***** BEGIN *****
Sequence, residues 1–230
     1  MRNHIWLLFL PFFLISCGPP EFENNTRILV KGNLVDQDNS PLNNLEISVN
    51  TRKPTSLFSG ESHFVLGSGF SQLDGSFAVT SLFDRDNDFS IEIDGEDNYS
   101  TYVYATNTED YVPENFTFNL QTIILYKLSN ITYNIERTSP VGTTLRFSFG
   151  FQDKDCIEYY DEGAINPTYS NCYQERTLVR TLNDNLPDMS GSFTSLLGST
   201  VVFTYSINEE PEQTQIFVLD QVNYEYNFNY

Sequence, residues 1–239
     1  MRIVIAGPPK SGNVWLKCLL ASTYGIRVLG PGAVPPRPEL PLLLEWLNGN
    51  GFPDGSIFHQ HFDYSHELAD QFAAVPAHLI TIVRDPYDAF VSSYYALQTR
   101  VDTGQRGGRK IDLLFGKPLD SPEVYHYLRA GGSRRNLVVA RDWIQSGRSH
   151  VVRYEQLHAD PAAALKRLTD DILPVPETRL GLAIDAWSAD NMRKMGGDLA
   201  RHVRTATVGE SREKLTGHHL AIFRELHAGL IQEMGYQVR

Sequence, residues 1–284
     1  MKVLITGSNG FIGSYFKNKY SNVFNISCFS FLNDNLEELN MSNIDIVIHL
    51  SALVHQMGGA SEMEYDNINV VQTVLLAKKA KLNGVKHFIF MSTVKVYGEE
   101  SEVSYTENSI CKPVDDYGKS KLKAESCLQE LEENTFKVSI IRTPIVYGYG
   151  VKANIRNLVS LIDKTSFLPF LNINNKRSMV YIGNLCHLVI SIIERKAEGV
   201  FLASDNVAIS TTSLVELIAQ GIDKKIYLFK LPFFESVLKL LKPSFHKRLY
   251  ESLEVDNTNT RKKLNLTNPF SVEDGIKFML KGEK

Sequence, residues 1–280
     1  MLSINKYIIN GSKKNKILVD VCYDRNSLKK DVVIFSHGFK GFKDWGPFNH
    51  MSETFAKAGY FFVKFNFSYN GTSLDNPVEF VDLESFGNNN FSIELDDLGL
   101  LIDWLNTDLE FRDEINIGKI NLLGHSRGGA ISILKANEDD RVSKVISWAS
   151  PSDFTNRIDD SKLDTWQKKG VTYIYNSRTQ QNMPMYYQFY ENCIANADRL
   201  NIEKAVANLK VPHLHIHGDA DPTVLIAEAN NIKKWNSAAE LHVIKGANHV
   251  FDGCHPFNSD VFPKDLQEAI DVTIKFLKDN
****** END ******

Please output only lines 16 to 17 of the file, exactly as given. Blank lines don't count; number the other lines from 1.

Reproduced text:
   101  SEVSYTENSI CKPVDDYGKS KLKAESCLQE LEENTFKVSI IRTPIVYGYG
   151  VKANIRNLVS LIDKTSFLPF LNINNKRSMV YIGNLCHLVI SIIERKAEGV